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What *is* the API for sched_getaffinity? Should sched_getaffinity always succeed when using cpu_set_t?
- From: "Carlos O'Donell" <carlos at redhat dot com>
- To: GNU C Library <libc-alpha at sourceware dot org>, Siddhesh Poyarekar <siddhesh at redhat dot com>, Roland McGrath <roland at hack dot frob dot com>
- Date: Mon, 15 Jul 2013 13:06:06 -0400
- Subject: What *is* the API for sched_getaffinity? Should sched_getaffinity always succeed when using cpu_set_t?
This is an expansion of:
The glibc functions sched_getaffinity and sched_setaffinity
have slightly different semantics than the kernel sched_getaffinity
and sched_setaffinity functions.
The result is that if you boot in a system with more than 1024
possible cpus, and you use a fixed cpu_set_t with sched_getaffinity,
the call will never succeed and will always return EINVAL. This is
because the kernel API documents that it will return EINVAL if the
user memory is too small for the mask size.
Note that the glibc manual page does not document sched_getaffinity
as returning EINVAL.
However, the Linux kernel man pages project documents the interface
as returning EINVAL (because that's what it does).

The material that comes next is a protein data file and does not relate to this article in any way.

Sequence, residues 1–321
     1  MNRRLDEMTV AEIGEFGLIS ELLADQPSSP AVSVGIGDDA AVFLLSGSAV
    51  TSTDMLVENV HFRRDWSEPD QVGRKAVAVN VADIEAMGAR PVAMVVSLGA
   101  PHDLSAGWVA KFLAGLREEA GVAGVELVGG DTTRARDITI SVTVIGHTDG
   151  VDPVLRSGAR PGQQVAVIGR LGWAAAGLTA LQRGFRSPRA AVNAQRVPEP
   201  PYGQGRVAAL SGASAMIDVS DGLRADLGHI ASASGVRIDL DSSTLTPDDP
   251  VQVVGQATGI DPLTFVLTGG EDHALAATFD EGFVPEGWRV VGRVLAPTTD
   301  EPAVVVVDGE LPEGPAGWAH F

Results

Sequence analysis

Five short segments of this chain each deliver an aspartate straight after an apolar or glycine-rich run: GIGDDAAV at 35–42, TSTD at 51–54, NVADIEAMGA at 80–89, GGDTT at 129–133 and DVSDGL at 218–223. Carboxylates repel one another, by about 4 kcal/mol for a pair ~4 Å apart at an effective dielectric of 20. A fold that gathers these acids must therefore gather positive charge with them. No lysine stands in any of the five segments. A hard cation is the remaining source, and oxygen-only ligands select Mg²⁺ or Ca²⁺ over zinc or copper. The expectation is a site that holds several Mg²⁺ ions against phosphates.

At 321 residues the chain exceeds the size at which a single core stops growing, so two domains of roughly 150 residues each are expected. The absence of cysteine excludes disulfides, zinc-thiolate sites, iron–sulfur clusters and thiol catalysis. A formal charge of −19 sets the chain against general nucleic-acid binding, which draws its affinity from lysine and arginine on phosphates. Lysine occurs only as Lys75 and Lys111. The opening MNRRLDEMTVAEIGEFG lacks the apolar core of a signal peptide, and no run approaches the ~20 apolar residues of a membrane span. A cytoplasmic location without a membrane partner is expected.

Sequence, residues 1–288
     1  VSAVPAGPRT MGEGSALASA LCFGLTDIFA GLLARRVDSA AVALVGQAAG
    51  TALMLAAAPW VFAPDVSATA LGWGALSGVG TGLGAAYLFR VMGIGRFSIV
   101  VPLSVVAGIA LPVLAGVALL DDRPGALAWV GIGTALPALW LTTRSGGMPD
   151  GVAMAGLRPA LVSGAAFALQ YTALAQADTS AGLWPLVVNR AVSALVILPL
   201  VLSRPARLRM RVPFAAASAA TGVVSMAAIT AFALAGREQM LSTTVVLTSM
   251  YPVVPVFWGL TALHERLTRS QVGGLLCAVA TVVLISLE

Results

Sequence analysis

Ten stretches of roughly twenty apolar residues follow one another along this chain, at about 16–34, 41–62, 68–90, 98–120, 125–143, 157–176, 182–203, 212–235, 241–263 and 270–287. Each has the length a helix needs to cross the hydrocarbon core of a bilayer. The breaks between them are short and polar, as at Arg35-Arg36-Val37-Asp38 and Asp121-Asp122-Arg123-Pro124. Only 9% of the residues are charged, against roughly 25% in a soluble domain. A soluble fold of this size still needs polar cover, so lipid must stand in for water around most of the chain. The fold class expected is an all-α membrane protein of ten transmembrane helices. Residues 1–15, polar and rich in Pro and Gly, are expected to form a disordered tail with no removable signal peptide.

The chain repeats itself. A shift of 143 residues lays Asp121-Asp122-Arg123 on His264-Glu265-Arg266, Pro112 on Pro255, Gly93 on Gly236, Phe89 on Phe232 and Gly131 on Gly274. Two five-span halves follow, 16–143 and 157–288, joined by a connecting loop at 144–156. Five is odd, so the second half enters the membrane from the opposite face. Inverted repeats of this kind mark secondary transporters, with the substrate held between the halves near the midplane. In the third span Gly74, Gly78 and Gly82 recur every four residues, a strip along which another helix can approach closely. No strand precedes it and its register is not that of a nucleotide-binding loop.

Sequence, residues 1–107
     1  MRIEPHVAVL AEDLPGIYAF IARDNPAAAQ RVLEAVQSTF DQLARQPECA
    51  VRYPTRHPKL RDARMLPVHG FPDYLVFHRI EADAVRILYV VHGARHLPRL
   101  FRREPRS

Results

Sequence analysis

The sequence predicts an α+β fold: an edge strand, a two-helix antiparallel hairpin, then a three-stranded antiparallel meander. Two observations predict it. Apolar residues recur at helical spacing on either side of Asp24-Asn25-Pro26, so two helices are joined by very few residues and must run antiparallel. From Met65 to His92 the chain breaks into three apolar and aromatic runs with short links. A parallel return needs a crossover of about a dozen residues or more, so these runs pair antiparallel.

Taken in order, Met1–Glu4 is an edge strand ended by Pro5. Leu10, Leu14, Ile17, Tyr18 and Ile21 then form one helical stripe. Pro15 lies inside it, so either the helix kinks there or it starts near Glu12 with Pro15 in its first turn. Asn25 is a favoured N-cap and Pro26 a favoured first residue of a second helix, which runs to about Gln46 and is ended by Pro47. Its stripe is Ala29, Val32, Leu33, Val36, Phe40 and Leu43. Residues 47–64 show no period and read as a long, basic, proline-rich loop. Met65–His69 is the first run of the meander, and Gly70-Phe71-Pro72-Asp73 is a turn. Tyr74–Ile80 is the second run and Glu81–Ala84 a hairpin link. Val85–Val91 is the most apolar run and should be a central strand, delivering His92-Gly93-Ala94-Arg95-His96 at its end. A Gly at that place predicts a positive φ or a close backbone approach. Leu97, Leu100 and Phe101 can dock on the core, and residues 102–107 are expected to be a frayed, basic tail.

Therefore some applications may expect the API to return EINVAL when
the kernel's affinity mask is larger than the size of the object
you passed in to store the mask.
The question for the community is:
(1) Should the call to sched_getaffinity should always succeed?
(2) Should the call to sched_getaffinity fail if the kernel affinity
mask is larger than the passed in object?
This is not a hypothetical problem, I am already seeing users
with this problem.
My opinion is that (1) is the correct way forward. The reason I
say this is because the user should not be exposed to the vagaries
of the size of the kernel affinity mask. Worse is that it's non-optimal
to use the return of EINVAL to scale up the size of the cpu_set_t
dynamically. Users should always be using sysconf.
Siddhesh (paraphrasing here) thinks that either (1) or (2) is
going to cause some group of users to be upset, but (2) being
existing behaviour is more conservative (tough it involves telling
users that "Yes, using cpu_set_t might actually fail even if you
didn't expect it."
Let us talk more about the API differences and what can be done
in glibc to mitigate the problem.
The most important difference is that if you call either of
the kernel routines with a cpusetsize that is smaller than the
kernel's possible cpu mask size the kernel syscall returns EINVAL.
The kernel previously did accounting based on the configured
maximum rather than possible cpus, leading to problems if you'd
simply compiled with NR_CPUS > 1024 instead of actually booting
on a system where the low-level firmware detected > 1024
There are 3 ways to determine the correct size of the possible
cpu mask size:
(a) Read it from sysfs /sys/devices/system/cpu/online, which
has the actual number of possibly online cpus.
(b) Interpret /proc/cpuinfo or /proc/stat.